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We make decisions every day: What am I going to wear? What am I going to have for dinner? Do I want dessert? Most of the time, we base our final decisions by weighing external factors: Is it cold outside? What do I have in the fridge? Am I still hungry? This would result, hopefully, in a sound decision. Occasionally, external factors are not enough, and we get swayed in our decision by other influences, such as cravings, for example (my downfall when it comes to making decisions about desserts!)

When it comes to business growth and success, sound decisions are usually based heavily on the facts: What has worked in the past? What are the risks? What makes sense? So when the data needed to make these decisions is inaccurate or inconsistent, you run the risk of making a bad decision.

Why Is the Data Inconsistent?

Organizations –produce bucketloads of data but where does it come from and which version is the most accurate and up-to-date? Without this information, data is useless for providing smart business insights.

Indiana University needed to improve data consistency and accuracy: “There were often times when different departments within the university had different numbers” explained Dan Young, chief data architect at Indiana University. As a result, decision-making within the university was proving to be very difficult.

Bringing the Pieces of the Puzzle Together

Indiana University introduced the Decision Support Initiative (DSI) to address this challenge. The university needed a solution that could bring all the pieces together so all the facts were place before making decisions.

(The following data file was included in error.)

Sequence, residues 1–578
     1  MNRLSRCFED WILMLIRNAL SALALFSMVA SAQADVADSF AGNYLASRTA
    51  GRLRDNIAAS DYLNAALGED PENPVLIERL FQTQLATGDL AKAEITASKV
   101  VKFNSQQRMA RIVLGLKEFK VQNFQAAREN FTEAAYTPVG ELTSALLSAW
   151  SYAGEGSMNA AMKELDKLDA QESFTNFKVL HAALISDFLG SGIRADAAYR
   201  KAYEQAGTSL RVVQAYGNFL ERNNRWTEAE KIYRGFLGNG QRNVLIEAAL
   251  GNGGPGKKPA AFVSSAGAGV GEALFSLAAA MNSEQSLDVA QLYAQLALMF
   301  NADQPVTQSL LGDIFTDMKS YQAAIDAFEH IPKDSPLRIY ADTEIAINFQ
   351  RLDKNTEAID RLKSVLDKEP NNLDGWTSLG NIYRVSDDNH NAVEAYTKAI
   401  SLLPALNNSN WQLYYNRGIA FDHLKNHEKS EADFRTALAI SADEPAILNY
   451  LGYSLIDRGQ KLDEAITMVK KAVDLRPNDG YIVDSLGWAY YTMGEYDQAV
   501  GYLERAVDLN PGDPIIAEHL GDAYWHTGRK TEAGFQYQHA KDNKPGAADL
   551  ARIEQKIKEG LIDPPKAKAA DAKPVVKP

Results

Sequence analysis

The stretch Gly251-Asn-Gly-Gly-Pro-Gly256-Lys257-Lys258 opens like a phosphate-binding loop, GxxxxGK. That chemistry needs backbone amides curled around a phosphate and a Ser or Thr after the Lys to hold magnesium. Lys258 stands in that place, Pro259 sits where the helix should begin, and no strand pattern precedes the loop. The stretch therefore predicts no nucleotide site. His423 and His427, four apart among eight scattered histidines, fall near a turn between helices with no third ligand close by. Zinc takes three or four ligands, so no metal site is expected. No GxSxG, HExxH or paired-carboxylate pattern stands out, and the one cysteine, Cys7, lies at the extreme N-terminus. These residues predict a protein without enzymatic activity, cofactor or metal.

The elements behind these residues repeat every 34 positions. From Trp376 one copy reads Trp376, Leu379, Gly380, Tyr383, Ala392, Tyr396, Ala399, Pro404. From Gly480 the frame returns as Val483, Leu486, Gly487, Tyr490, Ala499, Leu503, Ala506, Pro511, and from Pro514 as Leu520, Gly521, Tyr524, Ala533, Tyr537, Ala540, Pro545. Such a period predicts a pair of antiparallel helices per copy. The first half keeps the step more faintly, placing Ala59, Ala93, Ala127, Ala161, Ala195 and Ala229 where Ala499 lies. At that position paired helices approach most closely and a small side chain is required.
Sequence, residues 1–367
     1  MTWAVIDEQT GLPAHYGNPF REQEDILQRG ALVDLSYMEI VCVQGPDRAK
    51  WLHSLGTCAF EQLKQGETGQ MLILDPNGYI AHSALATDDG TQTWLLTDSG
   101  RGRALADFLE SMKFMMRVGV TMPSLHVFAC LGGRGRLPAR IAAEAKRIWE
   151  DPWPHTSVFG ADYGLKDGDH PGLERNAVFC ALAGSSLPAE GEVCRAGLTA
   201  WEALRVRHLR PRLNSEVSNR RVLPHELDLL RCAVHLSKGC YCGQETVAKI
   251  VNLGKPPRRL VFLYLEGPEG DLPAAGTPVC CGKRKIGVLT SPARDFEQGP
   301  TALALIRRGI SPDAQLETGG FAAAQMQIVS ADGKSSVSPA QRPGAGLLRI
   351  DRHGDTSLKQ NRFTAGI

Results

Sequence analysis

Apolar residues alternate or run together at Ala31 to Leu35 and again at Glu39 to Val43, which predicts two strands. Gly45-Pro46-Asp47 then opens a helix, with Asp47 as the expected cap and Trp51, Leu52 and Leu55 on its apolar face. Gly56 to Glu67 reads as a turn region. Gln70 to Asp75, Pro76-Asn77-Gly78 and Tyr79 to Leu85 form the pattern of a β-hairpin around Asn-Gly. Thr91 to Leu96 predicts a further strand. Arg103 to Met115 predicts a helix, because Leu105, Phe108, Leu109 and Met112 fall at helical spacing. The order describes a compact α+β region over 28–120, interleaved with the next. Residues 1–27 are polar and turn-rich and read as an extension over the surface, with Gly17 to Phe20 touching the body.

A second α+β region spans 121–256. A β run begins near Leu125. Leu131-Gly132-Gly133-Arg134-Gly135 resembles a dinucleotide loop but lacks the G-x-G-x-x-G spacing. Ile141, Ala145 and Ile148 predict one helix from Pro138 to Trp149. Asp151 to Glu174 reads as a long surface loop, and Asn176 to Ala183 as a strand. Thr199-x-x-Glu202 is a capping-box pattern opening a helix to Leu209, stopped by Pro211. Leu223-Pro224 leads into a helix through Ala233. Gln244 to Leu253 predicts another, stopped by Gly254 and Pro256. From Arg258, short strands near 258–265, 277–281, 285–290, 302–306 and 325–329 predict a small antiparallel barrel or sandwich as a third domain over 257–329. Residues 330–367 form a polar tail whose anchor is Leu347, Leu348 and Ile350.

“One of the solutions that helped us weave together all of these various different types of data sources was data virtualization,” explains Dan. “The benefits we have seen from the DSI are that we are able to produce reports for decision-makers that tell a consistent story.”

The data for these stories has been curated and reviewed, so it is easily understood, a scenario conducive to sound decision-making.

“We chose to go with Denodo as our data virtualization platform because of its ability to weave together data from various sources to make it easy for people to get to and access information that they need. We felt that [Denodo] was the right platform to move forward with.”

Predictions Rather than Reactions

What’s next for the DSI? What if it could enable the university to make predictions, to make even better business decisions?

This is what Dan Young foresees for the DSI: “We are looking to take data virtualization and integrate it with our statistical platforms to help create predictive answers to problems…to look at our situations to help drive opportunities where we may be able to improve enrollment, and better understand student success.”

Smart business decisions cannot be made with inaccurate or inconsistent information, or by limited visibility into the data. Data virtualization brings all the pieces together to form a more accurate view of an entire organization.

For more information on how data virtualization is aiding businesses make sound decisions, have a read of these case studies:

Amy Flippant